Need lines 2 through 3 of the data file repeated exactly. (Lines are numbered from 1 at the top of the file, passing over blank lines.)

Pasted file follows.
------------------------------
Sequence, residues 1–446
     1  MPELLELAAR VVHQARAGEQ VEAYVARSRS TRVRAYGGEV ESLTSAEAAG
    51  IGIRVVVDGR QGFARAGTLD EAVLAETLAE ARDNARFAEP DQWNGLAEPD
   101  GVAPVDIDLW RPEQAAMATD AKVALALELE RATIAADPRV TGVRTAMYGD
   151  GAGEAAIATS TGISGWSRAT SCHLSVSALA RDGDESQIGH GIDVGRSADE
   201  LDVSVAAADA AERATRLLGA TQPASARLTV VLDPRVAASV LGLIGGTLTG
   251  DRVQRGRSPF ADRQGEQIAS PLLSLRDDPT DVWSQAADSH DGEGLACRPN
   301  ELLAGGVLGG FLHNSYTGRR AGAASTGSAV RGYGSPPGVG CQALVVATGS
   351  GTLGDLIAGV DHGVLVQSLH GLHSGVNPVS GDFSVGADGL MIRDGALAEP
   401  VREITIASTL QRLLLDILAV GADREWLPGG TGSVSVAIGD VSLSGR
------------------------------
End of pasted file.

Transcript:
     1  MPELLELAAR VVHQARAGEQ VEAYVARSRS TRVRAYGGEV ESLTSAEAAG
    51  IGIRVVVDGR QGFARAGTLD EAVLAETLAE ARDNARFAEP DQWNGLAEPD